“Rodney is versatile enough to do it all,” Jenkins says. “Mostly in his career, he’s been deep, but this is a chance to see what he can do when talking about covering tight ends, covering the slot. Right now, it’s that period where you have the flexibility to just try stuff. We’ll probably hone in on what that plan looks like closer to the end of training camp.”
When he left that usual post spot, McLeod made some plays that were reminiscent of Jenkins last season when the Pro Bowler dropped down to slot corner in nickel. Against bubble screens, like the one against Arizona when he dropped John Brown for a one-yard loss, McLeod quickly diagnosed the play and closed the gap.
“It’s play recognition,” McLeod says. “I knew they liked to run the bubble a lot. We’re showing a zero look, and that’s kind of their check against that. Larry never attacked me, so rather than play the blocker, I played the ball. It’s dependent on him because he never came to me. My first reaction is to look at Larry because I’m covering him, but he never attacks so I just go and shoot.”
On the flip side, McLeod also explained what goes into being a good post safety, which is where most of his impressive plays have come from.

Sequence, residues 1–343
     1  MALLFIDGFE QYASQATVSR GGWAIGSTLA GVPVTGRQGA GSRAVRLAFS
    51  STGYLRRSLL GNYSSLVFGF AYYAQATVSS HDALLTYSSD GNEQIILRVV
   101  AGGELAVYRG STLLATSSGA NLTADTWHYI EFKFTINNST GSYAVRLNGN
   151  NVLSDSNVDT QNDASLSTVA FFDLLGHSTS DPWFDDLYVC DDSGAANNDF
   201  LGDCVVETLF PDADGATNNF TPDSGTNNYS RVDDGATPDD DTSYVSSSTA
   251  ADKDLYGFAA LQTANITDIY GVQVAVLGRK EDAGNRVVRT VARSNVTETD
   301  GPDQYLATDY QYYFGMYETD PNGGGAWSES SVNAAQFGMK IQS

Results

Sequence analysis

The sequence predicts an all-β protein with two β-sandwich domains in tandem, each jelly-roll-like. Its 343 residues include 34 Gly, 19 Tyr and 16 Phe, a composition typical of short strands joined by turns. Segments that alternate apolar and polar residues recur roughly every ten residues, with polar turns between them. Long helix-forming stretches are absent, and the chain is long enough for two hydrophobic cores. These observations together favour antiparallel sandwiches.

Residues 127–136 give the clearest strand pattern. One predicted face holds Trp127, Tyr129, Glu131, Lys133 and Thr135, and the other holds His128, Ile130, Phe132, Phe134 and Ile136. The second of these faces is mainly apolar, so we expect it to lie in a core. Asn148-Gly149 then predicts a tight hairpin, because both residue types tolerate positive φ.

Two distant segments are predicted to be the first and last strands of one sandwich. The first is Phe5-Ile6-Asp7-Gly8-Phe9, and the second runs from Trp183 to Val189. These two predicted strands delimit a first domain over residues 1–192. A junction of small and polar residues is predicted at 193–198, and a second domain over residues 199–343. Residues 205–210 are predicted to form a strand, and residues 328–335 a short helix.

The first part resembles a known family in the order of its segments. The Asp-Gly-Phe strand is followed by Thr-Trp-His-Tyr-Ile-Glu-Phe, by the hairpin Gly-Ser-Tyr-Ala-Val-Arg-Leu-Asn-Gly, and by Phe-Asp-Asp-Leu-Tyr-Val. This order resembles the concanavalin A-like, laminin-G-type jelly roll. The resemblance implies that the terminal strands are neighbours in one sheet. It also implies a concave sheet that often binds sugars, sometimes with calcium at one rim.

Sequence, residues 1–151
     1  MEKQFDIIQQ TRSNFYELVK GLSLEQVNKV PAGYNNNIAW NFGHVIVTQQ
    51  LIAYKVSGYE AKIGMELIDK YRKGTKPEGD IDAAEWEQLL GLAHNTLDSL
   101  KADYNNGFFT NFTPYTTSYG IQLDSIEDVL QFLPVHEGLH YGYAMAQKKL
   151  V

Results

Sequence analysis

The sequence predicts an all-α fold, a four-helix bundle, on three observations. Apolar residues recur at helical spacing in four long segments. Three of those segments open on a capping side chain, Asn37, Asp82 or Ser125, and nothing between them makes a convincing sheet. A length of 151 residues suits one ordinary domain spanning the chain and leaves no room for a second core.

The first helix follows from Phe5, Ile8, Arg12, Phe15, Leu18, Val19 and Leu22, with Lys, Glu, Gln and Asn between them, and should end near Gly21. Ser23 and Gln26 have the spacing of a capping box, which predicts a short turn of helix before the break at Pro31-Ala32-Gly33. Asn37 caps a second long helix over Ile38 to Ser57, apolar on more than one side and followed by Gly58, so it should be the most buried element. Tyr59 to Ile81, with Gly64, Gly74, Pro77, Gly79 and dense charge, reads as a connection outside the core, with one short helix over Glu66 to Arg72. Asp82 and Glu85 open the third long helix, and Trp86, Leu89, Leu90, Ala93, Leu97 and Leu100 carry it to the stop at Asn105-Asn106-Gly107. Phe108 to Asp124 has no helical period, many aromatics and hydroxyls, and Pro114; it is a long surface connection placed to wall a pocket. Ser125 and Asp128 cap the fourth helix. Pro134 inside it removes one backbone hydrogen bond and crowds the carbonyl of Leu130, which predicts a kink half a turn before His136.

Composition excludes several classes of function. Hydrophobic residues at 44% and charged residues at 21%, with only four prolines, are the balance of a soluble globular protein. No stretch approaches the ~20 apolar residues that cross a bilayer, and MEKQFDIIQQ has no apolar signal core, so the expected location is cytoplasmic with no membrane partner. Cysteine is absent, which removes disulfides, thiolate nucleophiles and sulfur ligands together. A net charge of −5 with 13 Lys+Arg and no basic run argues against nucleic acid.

“You got to have depth and just good vision,” he says. “It comes from film study, knowing the quarterback’s mechanics — whether they’re going to look you off or they’re going to just stare guys down — and as the game goes on, you kind of get a feel of when certain things are going to happen. Depth is key and vision and break, and once you go, you got to lock in and get going. It’s a hard task.”
One example of that is McLeod’s interception against Baltimore last season. He only has five career picks, which the safety attributes to less opportunities to play the ball in the air because of how deeps he lines up, but occasionally he’ll be both well-positioned and fortunate due to an errant throw.
In the second quarter of the Rams’ Week 11 matchup against the Ravens, Baltimore ran a play-action pass on first-and-10 from their 29-yard-line. McLeod didn’t bite at all on the play-fake, and he got over top of Joe Flacco’s intended target as the quarterback sailed the ball a bit.
“You just read linemen,” McLeod says. “During film study, I usually try to find one or two linemen that kind of give things away pre-snap, whether it’s high hat in their stance or anything I can pick up on. We call what they’re doing here elephants on parade — they’re all just moving sideways and not getting up to the linebackers or anything like that. There’s no need for me to come up.
“The formation’s condensed, and I really only have one threat, which is this over route. My linebacker, James Laurinaitis, does a great job at busting out. He kind of got sucked in on the run fake, which as a linebacker happens, but he did a great job of getting back and underneath the tight end, which forced Flacco to put a little bit of air on it. On a bootleg, there are only certain routes — over route, usually the receiver will do a comeback, sometimes you might get a post with it. It’s just play recognition.”
It’s not difficult to see why Schwartz likes McLeod. Although McLeod doesn’t have perfect size, he has the aggressive mentality Schwartz so often preaches. You can see the safety playing with anger at times, which can be especially apparent on run plays.